The appellate court held that the plaintiffs failed to allege an adequate basis to find the statute, section 226.2 of the Labor Code, unconstitutional.  The Legislature had enacted section 226.2 to codify the case law in Gonzales v. Downtown LA Motors, LP (2013) 215 Cal.App.4th 36, and Bluford v. Safeway Inc. (2013) 216 Cal.App.4th 8644, which had “upended” the expectations of employers who had assumed that a piece-rate system that allegedly took account of and compensated for nonproductive work periods by the way the piece-rate was set complied with California’s wage and hour laws.

In Gonzales, 215 Cal.App.4th at 40-41, the Court of Appeal had held that automobile service employees were “entitled to separate hourly compensation for time spent waiting for repair work or performing non-repair tasks directed by the employer during their work shifts”.  Such compensation was required to comply with minimum wage, because the minimum wage law applies to each hour an employee works.  For similar reasons, the Court in Bluford, 216 Cal.App.4th at 872, held that employers must separately pay piece-rate employees at the rate of at least minimum wage for rest periods.  Both cases relied on the earlier case of Armenta v. Osmose, Inc. (2005) 135 Cal.App.4th 314, 317-24, in which the Court had held that, because California’s minimum wage law applies to each hour worked, an employer could not withhold payment of wages to an hourly employee for nonproductive time and average the wages paid over productive and non-productive time to assure that the average met minimum wage requirements.

In codifying Gonzales and Bluford in section 226.2 of the Labor Code, the California Legislature also, in section 226.2(b), created a safe harbor affirmative defense for employers that had previously failed to pay on an hourly basis for rest periods and nonproductive work by employees who were otherwise paid on a piece-rate basis.  The affirmative defense was only available to those employers that, (1) by December 15, 2016, made payments of actual sums not paid (or underpaid) for rest and recovery periods and other nonproductive work (or based upon an alternative payment calculation) during the period July 1, 2012 through December 31, 2015, and (2) had provided notice by July 1, 2016 to the Department of Industrial Relations of their election to make those payments.

The trial court had sustained demurrers to the employer groups’ complaint without leave to amend, and the Court of Appeal affirmed.  It agreed with the trial court that the statute was not void for vagueness.  Section 226.2 clarified the statutory requirements for piece-rate compensation by confirming, as of January 1, 2016, that employers were required to compensate piece-rate employees for rest and recovery periods and other nonproductive time separate from any piece-rate compensation.  Neither the term “other nonproductive time” nor the term “actual sums due” in the statute were unconstitutionally vague.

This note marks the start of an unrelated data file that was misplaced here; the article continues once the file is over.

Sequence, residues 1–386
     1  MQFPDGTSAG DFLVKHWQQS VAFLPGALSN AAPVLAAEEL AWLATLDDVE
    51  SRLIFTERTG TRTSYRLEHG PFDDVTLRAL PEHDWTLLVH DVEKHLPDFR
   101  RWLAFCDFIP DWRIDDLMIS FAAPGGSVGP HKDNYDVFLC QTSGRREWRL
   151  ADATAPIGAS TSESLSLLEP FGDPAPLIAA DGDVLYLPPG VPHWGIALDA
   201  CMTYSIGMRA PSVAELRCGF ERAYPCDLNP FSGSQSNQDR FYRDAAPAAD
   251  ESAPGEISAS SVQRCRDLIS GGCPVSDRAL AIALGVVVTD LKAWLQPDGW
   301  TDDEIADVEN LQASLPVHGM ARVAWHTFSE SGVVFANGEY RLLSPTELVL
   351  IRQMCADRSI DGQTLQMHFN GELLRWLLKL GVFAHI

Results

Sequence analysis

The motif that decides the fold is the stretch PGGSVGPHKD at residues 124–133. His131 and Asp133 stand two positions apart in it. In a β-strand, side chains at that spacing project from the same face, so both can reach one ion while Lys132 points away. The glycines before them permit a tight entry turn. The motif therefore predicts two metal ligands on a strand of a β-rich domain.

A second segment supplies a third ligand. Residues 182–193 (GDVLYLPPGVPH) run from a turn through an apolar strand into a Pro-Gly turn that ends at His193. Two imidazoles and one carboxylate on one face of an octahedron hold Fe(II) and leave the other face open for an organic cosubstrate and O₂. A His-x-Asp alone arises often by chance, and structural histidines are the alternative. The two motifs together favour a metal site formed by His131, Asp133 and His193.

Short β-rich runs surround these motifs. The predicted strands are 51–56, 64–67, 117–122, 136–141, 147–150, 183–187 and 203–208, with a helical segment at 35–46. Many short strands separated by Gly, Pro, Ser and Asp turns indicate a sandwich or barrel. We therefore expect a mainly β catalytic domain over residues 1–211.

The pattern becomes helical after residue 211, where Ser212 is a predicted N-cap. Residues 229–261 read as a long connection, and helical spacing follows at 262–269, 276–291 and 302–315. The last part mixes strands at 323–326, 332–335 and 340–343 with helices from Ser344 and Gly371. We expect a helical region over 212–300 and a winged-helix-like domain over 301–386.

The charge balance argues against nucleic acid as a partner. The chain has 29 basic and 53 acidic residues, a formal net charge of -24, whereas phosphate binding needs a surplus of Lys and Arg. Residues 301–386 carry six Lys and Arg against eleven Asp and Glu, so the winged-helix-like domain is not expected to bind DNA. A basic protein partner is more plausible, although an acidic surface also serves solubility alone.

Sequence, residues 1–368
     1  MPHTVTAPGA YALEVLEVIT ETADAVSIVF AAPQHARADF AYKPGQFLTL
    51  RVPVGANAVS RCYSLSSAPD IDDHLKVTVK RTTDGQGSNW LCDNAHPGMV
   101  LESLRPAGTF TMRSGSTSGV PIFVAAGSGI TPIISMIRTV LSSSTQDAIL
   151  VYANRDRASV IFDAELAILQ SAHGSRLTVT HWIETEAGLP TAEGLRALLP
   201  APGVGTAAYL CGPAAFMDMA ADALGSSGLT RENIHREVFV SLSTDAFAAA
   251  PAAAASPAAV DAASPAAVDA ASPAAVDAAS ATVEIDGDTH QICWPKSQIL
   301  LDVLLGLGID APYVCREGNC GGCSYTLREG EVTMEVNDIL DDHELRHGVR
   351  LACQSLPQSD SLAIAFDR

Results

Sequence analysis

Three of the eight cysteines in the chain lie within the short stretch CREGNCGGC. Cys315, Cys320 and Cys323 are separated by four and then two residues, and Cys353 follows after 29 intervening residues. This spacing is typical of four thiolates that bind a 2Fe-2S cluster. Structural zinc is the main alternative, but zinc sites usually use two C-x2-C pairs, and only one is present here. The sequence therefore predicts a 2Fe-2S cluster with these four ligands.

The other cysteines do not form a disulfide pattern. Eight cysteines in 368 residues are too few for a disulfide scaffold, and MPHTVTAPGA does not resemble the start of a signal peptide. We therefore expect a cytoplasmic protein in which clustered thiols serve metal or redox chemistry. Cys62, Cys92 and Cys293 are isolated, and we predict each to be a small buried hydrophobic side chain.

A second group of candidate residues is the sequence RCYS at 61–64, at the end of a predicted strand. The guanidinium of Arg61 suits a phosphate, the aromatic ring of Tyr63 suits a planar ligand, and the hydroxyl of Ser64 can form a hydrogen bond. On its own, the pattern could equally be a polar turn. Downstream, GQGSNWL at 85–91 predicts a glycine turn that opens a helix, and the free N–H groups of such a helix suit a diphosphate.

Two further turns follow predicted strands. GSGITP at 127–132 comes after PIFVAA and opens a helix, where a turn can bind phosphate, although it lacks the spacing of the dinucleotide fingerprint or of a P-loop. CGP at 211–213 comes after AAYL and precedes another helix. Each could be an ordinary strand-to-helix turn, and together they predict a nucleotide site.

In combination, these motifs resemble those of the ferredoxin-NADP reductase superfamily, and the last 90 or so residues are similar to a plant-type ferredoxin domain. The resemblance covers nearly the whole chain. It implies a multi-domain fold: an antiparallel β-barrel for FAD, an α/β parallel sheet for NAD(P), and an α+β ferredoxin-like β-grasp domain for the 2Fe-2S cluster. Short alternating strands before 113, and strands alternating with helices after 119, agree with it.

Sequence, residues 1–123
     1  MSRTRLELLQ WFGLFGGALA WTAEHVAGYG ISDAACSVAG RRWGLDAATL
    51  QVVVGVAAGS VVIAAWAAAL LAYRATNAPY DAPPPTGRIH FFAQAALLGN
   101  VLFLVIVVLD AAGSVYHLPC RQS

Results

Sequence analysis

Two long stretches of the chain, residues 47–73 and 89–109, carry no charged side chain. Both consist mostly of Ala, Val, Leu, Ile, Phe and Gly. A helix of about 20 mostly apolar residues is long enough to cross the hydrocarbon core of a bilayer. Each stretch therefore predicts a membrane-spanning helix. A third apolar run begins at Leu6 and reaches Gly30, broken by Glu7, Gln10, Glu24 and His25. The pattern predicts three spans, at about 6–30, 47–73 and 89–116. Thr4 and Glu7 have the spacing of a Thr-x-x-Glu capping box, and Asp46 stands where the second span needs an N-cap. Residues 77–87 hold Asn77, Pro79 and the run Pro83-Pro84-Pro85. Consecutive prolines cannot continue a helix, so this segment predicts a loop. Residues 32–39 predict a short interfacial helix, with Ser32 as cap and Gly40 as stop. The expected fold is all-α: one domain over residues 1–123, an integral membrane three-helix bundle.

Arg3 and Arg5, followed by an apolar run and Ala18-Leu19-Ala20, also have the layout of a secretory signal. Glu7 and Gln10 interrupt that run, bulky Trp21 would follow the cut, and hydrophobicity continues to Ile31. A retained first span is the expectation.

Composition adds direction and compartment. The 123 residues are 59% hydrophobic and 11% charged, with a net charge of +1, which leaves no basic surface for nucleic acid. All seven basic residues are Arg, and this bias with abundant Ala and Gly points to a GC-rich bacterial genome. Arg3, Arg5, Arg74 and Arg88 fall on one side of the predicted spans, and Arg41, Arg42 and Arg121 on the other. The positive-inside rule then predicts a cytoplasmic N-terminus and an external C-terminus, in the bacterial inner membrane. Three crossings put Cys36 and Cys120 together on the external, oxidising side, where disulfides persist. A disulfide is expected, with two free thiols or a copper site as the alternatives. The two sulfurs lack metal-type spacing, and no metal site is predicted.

The statutory definition of “other nonproductive time” as “time spent under the employer’s control, exclusive of rest and recovery periods, that is not directly related to the activity being compensated on a piece-rate basis,” was “reasonably clear and specific and provide[d] adequate notice of the nature of the conduct that is being described.”  Moreover, section 226.2 was enacted to codify Gonzales, which, like Bluford, relied on Armenta.  This context of case law lent clarity to the statute.  In particular, Gonzales provided “fact-based concrete illustrations of what was meant by the term ‘other nonproductive time’”.  The phrase in the definition, “not directly related” was not unconstitutionally vague: many statutes have used the phrase “directly related”.  The constitution did not require the statute’s terms to contemplate all possible circumstances in which it would be applied.

The second ground for the employers’ constitutional challenge, that the statute was retroactive, also was without merit.  The safe-harbor affirmative defense, which required payment by employers of pre-January 1, 2016 unpaid compensation, did not constitute an unconstitutionally retroactive statute, because the compensation for prior rest periods and nonproductive work, on which the affirmative defense was conditioned, was based upon the law that was in effect at the time, before the adoption of section 226.2—i.e., the case law of Gonzales, Bluford and Armenta.  When the Gonzales and Bluford decisions were final, employers were required to separately compensate piece-rate employees for nonproductive uncompensated time and for rest periods.

The Nisei Farmers League case makes clear that employers cannot expect a judicial reprieve from the requirement of separate hourly compensation of piece-rate employees for rest periods and other nonproductive time.  The workability of such a compensation system remains in question.  Tracking nonproductive time will continue to be cumbersome.  And the potential liability exposure for failing to track and pay for it properly may continue to shift employers away from any piece-rate compensation in California.  This development could adversely impact employees who, in some circumstances, can earn higher pay on a piece-rate basis than as an hourly employee.